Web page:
Financial documents showing that Ohio state police requested $574,271 in reimbursement from North Dakota for the cost of the deployment – $512,921 for personnel costs including $271,992 in overtime, plus $58,824 in travel costs and $2,530 in assorted costs including $1,473 for a cost that was redacted. It also showed the officers routinely worked 12 to 14 hour days while deployed at Standing Rock.
One disk of photos and videos taken by Ohio state troopers during the deployment, and one disk of videos taken by others during the deployment. The first disk showed that police had a sniper positioned on a hill above one of the main protest locations, and that they had someone embedded in with the protesters during the action. The second disk included video of activist Erin Schrode being shot by a rubber bullet. See more here
One commander’s personnel file with personal information redacted, with a promise to go through the emails of two commanders that reference North Dakota or the Emergency Management Assistance Compact.
Sniper shown sitting on top of Turtle Hill in photo released by Ohio state police. Via Muckrock. Click to enlarge
This was a lot of interesting information, especially the photos and videos, which were released without any difficulty. I’ll have to remember that as a public records request trick next time. Another trick was asking for emails from addresses ending in “nd.gov” or “mortonnd.org” or addressed to specific commanding officers with the Ohio state police. A third trick was asking for financial documents.
A few weeks later, P.R. Casey sent another thing I had asked for, the list of other public records requests the state police had received from the date of the deployment until the present. I had meant to ask only for other requests about the deployment to Standing Rock, but what Casey sent me was an 88-page list of every request the state police have gotten. Most were news media and attorneys asking for accident reports. Only a few were about Standing Rock. It is interesting to see the sheer volume of requests this agency gets every week – it’s a lot.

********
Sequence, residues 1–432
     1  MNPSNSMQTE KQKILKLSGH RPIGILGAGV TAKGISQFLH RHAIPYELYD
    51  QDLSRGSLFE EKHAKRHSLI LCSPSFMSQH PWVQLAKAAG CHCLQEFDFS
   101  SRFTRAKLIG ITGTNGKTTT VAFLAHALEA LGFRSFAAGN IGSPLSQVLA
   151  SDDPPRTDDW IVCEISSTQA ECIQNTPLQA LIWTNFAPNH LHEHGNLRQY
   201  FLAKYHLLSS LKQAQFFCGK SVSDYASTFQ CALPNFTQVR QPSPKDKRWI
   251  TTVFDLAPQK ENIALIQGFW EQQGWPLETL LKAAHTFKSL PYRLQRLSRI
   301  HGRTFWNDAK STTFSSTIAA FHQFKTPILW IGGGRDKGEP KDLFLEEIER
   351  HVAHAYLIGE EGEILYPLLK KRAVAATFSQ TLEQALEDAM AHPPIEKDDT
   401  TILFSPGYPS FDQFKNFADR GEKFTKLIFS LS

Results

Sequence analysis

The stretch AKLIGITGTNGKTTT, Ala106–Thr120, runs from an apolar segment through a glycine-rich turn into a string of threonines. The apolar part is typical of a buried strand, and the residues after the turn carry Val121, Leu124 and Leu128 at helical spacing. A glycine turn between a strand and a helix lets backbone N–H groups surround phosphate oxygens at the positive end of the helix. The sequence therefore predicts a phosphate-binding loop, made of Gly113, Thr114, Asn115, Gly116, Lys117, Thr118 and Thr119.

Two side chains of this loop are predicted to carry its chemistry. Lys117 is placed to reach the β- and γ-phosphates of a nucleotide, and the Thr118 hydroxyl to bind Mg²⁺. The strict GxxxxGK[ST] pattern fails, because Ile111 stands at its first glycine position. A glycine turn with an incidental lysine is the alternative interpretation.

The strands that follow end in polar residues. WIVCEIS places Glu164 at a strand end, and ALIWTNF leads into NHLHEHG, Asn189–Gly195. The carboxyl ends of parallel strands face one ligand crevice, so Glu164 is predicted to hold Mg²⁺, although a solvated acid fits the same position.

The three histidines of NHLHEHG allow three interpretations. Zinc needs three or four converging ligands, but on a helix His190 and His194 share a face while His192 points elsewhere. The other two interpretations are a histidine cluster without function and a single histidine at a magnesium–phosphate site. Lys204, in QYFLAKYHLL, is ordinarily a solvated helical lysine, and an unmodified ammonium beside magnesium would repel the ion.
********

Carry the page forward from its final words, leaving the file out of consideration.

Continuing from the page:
Protests at the bottom of Turtle Hill in a photo taken by Ohio state police. Via Muckrock. Click to enlarge.
After that, the attorney from the Court of Claims contacted me again to ask if the response to my complaint had satisfied me or if I wanted more documents. From looking at the documents Casey sent, I was able to decide which specific things I wanted to ask for: a copy of the EMAC agreement, which for my purposes could be redacted; copies of the daily briefings given to Ohio state troopers; and any use of force reports, the same request as was made by the Dispatch.
Like the Cincinnati Enquirer case, my case did end up going to mediation. During a 30-minute teleconference, state attorneys agreed to send me a copy of the EMAC with the officers’ names redacted, but denied my requests for the daily briefings and use of force reports on the basis of the security exemption to the Public Records Act.
This is the militarized police force sent to confront and remove water protectors on November 1, 2016. Photo by Rob Wilson Photography
The attorneys did clarify that the redacted use of force report they had sent previously was really a compilation of all the RTR, or response to resistance, reports that Ohio state troopers had filed during the entire deployment to North Dakota. They thought these reports would have the details I was looking for about what exactly Ohio state troopers did in Standing Rock, but that was also why they had redacted all of the information.
After that, the mediator asked me to dismiss my complaint so they could close my case. He said if I want to pursue additional legal action to get the briefing emails and response to resistance report, I would have to submit a new public records request, have that denied, go through mediation again, and likely take it to a trial court, where I would need to counter the state’s arguments as to why these documents can be withheld under the security exemption.
That’s really beyond what I as a citizen without an attorney or time to do detailed legal research can do, and I’m sure they know that. The Dispatch was also denied access to the use of force reports, and unlike me, they have attorneys, so I hope they pursue their case as the Enquirer did.
Three days after my mediation, The Intercept published leaked copies of 13 briefings given by a private security firm called TigerSwan to officers deployed to Standing Rock. The documents are appalling. They show exactly what all of us thought – that police were conducting nothing less than a counter-insurgency operation such as our troops have done in Iraq – only this one was aimed against peaceful American citizens simply trying to protect their water. The report shows how militarized police treated water protectors as jihadist enemy to find, fix and eliminate. It is a must-read for anyone who wants to understand what happened at Standing Rock.